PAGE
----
(Sixth Embodiment)

A sixth embodiment is explained with reference to FIGS. 14, 15A, 15B, 16A and 16B. A developing apparatus according to the sixth embodiment is characterized by the location and configuration of the magnet roller 32 and the positional relationship between the magnet roller 32 and the toner storage chamber 300. In the sixth embodiment, components common to above embodiments are denoted by reference numerals and signs same as the reference numerals and signs in the above embodiments. Explanation of the components is omitted.

FIG. 14 is schematic sectional view showing the characteristic developing apparatus of the sixth embodiments. A line extending toward the developing sleeve 31 from the inner wall surface of the toner storage chamber 300 including the opening lower end portion Z on the toner storage chamber 300 side is represented as an elongation line r. That is, the developing apparatus 3 of the sixth embodiment is formed with a wall surface region W on the inner wall surface of the toner storage chamber 300. The wall surface region W is located below the opening Q in the vertical direction and connected with the opening lower end portion Z and extends in a direction crossing the developing sleeve 31. A virtual line (or virtual surface) extending in the direction crossing the developing sleeve 31 from the opening lower end portion Z along the surface of the wall surface region W is represented as the elongation line r (or an elongation plane r.) Further, an intersection (or intersection line) of the elongation line r and surface of the developing sleeve 31 is represented as an intersection q (or intersection line q.) The intersection q is set to be located between the regulating section e and a lowest point p of the developing sleeve 31 in the gravity direction (lower end portion of the surface of the developing sleeve 31 in the vertical direction.) A virtual line (or virtual surface) extending in the direction crossing the developing sleeve 31 from the opening lower end portion Z along the vertical direction is represented as the elongation line r2 (or an elongation plane r2.) Further, an intersection (or intersection line) of the elongation line r2 and surface of the developing sleeve 31 is represented as an intersection q2 (or intersection line q2.) The intersection q2 is set to be located between the regulating section e and a lowest point p of the developing sleeve 31 in the gravity direction.

FIG. 15A is a schematic diagram showing a disposition of magnetic poles of the magnet roller 32 (magnetic force generating means) of the sixth embodiment. FIG. 15B is a schematic diagram showing a relation between a vertical component |Br| and a horizontal component |B.THETA.| of a magnetic flux density B on the surface of the developing sleeve 31 in a range between the vicinity of the regulation pole to the vicinity of the supply pole in the circumference direction of the magnet roller 32. In FIG. 15B, abscissa axis represents the position of the developing sleeve 31 in the circumference direction and ordinate axis represents the absolute value of the magnetic flux density (mT). Br and Br.THETA. are explained in detail below. FIG. 16A is a schematic diagram showing the relationship among |Br|, |B.THETA.| and magnetic poles in FIGS. 15A and 15B plotted on the sectional configuration of the developing apparatus according to the sixth embodiment. FIG. 16B is a schematic diagram showing the movement of the toner and paper powder in the developing apparatus according to the sixth embodiment.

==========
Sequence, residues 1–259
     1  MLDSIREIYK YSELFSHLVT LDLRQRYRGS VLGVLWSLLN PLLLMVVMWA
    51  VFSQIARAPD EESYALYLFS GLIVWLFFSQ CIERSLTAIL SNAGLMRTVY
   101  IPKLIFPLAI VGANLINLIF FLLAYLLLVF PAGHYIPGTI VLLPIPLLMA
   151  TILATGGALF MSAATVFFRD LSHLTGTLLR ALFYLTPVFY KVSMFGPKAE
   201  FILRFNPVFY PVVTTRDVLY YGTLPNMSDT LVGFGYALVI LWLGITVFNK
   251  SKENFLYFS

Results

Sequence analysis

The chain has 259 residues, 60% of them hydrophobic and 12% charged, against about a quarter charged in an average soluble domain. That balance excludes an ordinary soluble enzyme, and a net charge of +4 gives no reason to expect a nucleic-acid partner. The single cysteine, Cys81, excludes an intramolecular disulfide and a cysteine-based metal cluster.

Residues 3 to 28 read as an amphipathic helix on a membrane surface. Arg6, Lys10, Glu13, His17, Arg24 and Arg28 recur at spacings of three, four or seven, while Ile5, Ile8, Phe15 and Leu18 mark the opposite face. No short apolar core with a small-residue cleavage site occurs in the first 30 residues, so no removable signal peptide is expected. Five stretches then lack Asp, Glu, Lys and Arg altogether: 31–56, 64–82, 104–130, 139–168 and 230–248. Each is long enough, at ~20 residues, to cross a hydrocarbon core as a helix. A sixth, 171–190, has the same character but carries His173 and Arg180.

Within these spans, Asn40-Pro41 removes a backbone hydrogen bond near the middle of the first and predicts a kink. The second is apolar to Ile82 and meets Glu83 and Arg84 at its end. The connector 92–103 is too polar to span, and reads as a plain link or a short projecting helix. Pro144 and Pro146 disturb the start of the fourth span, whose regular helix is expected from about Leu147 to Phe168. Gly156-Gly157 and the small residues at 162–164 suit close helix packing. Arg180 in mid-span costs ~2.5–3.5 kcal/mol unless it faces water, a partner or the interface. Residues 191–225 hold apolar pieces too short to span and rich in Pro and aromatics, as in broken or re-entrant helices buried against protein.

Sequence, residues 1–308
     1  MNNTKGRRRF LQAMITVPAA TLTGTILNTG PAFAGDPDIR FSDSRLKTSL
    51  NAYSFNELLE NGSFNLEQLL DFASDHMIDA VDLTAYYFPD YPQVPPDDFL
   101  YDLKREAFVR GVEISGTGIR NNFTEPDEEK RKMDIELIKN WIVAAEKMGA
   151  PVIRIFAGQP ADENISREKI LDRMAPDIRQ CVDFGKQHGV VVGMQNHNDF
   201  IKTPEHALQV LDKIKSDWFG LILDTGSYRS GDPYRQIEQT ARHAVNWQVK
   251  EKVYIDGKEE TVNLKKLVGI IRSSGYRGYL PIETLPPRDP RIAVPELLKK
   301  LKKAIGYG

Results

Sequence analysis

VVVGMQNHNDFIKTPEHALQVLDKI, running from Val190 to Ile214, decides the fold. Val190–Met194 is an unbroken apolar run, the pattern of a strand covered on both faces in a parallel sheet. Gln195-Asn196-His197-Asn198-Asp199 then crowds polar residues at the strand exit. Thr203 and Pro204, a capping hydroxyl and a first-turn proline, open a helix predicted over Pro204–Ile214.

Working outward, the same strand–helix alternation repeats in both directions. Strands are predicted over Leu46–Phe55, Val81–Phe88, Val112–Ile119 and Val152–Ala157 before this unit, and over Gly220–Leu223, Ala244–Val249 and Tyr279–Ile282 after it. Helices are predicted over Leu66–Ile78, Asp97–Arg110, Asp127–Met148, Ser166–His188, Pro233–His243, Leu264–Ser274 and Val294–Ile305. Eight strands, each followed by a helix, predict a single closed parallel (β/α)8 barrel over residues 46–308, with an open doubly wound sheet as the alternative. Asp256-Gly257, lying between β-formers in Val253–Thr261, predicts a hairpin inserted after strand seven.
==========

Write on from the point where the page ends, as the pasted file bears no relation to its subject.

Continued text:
In the sixth embodiment, the magnetic flux density is measured using a series 9900 of gaussmeter manufactured by F. W. Bell, Inc. with a probe A-99-153. The gaussmeter has a rod-like axial probe connected to a gaussmeter body. At first, the developing sleeve 31 is directed in the horizontal direction (central axis of the sleeve is in horizontal direction) and fixed. Then, the probe directed in the horizontal direction is disposed perpendicular to the sleeve (central axis of the probe is in the horizontal direction and perpendicular to the central axis of the sleeve) while a distal end portion (measuring section) of the probe is opposed to the surface of the sleeve with slight clearance. Further, centers of the developing sleeve 31 and the probe are disposed on the same horizontal plane and fixed. While keeping the above configuration, the magnetic flux density is measured as the magnet roller 32 is rotated. Since the magnet roller 32 is a tubular member approximately concentric with the developing sleeve 31, a surface position of the developing sleeve 31 and the magnetic flux density in the normal direction of the surface position can be measured in every position in the circumferential direction. The peak densities in every position are obtained from the data of measured magnetic flux density in the circumferential direction and represented as Br. That is, Br is a vertical direction component of the magnetic flux density on the surface of the developing sleeve 31. Next, the probe disposed perpendicular to the sleeve as described above is moved such that the distal end of the probe is rotated 90 degree and directed along the tangential line of the circumferential surface of the developing sleeve 31, and then fixed. While keeping that configuration, the magnetic flux density of the surface position of the developing sleeve 31 in the direction of the tangential line is measured as the magnet roller 32 is rotated. The peak densities in every position are obtained from the data of measured magnetic flux density in the circumferential direction and represented as B.THETA.. That is, B.THETA. is a horizontal direction component of the magnetic flux density on the surface of the developing sleeve 31.